What’s killing the frogs? And does it matter?

originally published January 24, 2010.

I had just finished giving a talk for Blackhawk Church‘s  adult fellowship group, and had included a short video from Discovery Channel’s Planet Earth in which one expert says, “I think we’re facing the loss of half the world’s frogs.’

On the way out, one of the participants asked me:  “So, exactly what is killing the frogs?”

It happens that I had just run across an article on this very topic two or three days ago.  Richard Black, BBC Environment Correspondent, was commenting on a world-wide precipitous decline in amphibians of all kinds (think frogs, salamanders, etc) in a post he called ‘The Attack of the Killer Everything“:

Now we know that there are two prime movers in the ongoing amphibian massacre. One is the fungal disease chytridiomycosis; the other is… everything.

“Everything?” Surely not?

Well… yes, everything – or pretty much, anyway.

While the chytrid fungus has blown whole populations away single-handedly in a season’s shooting spree, many species undergo a slow, inexorable decline more akin to starvation or an ancient torture; squeezed into corners by the expanding human habitat, poisoned by farmland chemicals, eaten by bigger invasive neighbours, hunted for meat, stressed by temperature rise and stalked by viruses – or any combination of the above.

And while the problems of bees are no longer in the news much, Black reminds us that “colony collapse disorder” has  not disappeared:

…about five years ago, commercial beekeepers in the US began reporting total wipe-outs of hives on a scale not documented before, leading to the term colony collapse disorder (CCD).

Since then, the phenomenon has been noted across much of Europe, with indications that it’s gone further afield – to Brazil, to Taiwan.

There’s some doubt as to whether CCD exists as something new or whether it’s just an extreme form of a hive decline that’s usually more gradual. Whatever the realities of that, it’s clear that wild bee populations are also declining at serious rates, both Apis mellifera and other species such as bumblebees.

Using a medical analogy, Black suggests that the problems of the bees and the amphibians may not be solveable.  If either decline involved a single factor, we could probably figure out how to deal with it – like a patient suffering from a broken leg or a single flu virus.  But these populations are suffering from causes across the spectrum – as when a person starts to decline in advanced old age:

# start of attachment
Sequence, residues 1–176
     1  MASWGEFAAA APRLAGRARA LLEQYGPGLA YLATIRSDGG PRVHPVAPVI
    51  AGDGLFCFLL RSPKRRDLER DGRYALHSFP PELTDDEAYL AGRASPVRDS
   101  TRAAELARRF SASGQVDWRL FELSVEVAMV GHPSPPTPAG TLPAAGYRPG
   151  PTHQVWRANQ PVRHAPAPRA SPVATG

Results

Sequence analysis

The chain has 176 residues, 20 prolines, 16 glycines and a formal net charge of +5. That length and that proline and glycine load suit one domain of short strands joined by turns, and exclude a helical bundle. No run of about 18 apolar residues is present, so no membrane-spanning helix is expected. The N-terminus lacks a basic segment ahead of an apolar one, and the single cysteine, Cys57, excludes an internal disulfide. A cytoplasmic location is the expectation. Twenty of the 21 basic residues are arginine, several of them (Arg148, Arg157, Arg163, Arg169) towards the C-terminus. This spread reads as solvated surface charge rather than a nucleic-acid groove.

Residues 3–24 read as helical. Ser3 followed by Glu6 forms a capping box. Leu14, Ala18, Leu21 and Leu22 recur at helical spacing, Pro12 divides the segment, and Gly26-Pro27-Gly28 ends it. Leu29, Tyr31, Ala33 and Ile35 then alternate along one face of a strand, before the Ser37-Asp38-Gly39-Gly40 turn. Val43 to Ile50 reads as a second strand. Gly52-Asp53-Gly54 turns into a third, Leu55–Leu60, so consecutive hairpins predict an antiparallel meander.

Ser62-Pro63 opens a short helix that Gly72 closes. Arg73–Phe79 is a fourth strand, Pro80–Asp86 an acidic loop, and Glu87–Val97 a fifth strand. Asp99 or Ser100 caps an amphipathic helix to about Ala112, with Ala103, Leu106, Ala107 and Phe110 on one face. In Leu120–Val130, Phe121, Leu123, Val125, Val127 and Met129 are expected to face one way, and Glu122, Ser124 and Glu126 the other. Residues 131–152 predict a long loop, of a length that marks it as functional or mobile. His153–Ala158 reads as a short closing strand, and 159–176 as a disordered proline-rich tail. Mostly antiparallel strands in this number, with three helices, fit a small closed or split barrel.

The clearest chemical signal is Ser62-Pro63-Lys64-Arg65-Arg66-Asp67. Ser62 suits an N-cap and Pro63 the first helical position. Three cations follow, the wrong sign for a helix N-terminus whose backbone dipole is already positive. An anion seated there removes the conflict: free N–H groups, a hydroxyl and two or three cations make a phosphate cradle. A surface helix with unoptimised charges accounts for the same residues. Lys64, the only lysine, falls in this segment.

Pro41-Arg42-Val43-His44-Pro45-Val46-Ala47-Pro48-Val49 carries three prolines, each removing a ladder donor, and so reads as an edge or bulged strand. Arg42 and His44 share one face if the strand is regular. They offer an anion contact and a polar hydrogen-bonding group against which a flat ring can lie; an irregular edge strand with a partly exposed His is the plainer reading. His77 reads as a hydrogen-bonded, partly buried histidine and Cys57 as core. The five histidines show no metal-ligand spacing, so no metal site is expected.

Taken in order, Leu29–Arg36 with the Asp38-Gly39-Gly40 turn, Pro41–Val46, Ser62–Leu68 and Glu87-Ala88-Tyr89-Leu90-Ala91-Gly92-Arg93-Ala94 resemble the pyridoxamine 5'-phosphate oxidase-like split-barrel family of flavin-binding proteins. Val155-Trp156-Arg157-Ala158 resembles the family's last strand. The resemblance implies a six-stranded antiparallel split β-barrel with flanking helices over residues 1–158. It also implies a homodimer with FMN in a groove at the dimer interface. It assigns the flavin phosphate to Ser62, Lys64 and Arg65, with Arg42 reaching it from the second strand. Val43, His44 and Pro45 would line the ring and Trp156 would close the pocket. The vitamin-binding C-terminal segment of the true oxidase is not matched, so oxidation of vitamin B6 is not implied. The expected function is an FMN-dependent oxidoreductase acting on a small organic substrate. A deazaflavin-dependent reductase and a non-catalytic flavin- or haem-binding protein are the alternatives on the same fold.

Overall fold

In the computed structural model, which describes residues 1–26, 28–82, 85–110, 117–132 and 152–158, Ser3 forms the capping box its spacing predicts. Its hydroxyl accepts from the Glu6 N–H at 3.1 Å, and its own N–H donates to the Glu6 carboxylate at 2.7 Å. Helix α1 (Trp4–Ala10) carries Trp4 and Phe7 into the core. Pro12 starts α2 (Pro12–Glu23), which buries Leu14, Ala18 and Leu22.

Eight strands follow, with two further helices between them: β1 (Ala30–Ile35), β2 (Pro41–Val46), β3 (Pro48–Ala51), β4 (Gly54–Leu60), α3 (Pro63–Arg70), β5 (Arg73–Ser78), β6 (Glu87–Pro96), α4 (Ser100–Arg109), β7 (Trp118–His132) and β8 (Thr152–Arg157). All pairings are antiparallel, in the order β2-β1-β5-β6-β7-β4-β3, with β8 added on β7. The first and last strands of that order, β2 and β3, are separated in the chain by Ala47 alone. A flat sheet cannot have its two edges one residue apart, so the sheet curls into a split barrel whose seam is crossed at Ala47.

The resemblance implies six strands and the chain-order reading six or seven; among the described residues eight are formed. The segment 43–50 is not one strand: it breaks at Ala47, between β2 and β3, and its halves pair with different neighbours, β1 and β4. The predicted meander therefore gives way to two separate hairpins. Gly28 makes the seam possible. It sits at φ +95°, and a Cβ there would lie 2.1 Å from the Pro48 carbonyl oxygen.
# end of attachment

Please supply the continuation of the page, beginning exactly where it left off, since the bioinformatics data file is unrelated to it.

…just as there is no medical treatment for old age, there is no defence against everything – nor is there ever likely to be.

Which leaves us with what conclusion to the story?


Does it matter, though?

One could argue that a world without frogs or bees would be aesthetically deficient. We would have lost some of the most interesting and beautiful pieces of God’s creation, and we and our children and grandchildren would be immeasurably poorer for the loss.

Many fear that continued massive loss of bees would threaten all kinds of plants, including those that feed the entire human race.  This possibility is so dooms-day-ish that, though I spend plenty of time reading about and contemplating these kinds of doomsday scenarios, even I hesitate to consider the implications.  [But there’s an indy movie at Sundance this week on the topic:  Colony –  be my guest and let me know what you think.]

“House to house, field to field” – yup.

But the most important reason of all to be concerned about these developments is found in Isaiah 5:8 –

Woe to you who add house to house
and join field to field
till no space is left
and you live alone in the land.

We have so filled the earth with human civilisation and chemicals that the tiniest creatures that God put under our care can no longer survive.  I’m afraid we deserve the judgements Isaiah spells out.

What do you think?